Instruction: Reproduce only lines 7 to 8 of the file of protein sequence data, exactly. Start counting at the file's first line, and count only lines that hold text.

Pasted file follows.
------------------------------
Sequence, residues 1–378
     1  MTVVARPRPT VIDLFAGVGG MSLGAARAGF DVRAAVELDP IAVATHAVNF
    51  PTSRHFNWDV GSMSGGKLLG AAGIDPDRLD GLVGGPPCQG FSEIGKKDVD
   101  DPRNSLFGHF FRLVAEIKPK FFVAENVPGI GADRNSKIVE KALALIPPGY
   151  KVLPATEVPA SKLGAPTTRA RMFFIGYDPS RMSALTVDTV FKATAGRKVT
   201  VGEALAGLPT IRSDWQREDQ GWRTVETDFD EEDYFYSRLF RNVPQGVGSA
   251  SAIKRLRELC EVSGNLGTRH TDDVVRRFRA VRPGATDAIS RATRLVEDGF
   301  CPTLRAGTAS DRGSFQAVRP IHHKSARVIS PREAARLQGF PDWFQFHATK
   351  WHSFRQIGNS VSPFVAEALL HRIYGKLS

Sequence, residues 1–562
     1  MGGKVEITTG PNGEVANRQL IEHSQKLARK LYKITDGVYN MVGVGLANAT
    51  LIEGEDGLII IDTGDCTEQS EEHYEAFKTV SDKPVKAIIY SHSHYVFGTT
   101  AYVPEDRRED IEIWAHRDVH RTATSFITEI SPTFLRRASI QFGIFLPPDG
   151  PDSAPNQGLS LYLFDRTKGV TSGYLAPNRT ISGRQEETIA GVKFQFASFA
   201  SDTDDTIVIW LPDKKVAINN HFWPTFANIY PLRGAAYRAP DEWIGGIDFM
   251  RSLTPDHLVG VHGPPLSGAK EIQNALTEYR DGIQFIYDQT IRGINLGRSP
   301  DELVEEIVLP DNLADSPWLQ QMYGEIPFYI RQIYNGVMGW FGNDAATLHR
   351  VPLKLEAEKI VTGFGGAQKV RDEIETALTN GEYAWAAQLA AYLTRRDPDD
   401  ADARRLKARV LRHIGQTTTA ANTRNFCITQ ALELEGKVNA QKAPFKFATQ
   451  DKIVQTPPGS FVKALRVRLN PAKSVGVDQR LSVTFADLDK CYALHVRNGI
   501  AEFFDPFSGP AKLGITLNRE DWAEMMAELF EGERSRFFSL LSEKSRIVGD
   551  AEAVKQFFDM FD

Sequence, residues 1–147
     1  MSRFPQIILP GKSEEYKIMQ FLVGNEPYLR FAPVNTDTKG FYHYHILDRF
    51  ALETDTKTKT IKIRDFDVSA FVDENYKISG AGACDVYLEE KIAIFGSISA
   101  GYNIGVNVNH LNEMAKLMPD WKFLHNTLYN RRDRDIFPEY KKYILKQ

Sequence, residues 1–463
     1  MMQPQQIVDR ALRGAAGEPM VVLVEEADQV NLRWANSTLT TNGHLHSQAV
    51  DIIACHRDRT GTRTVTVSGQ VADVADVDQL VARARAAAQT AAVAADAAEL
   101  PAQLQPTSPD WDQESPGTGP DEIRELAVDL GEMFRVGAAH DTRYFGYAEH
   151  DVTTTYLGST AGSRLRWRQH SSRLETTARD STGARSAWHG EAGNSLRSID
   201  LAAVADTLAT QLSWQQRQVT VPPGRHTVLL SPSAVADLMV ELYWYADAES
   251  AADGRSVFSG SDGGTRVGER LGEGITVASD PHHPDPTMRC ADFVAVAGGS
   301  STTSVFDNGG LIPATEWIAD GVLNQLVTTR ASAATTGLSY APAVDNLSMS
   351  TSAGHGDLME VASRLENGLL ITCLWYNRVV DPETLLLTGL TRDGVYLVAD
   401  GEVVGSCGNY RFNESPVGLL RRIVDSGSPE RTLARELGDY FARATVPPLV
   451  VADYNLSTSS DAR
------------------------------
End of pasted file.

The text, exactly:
   251  SAIKRLRELC EVSGNLGTRH TDDVVRRFRA VRPGATDAIS RATRLVEDGF
   301  CPTLRAGTAS DRGSFQAVRP IHHKSARVIS PREAARLQGF PDWFQFHATK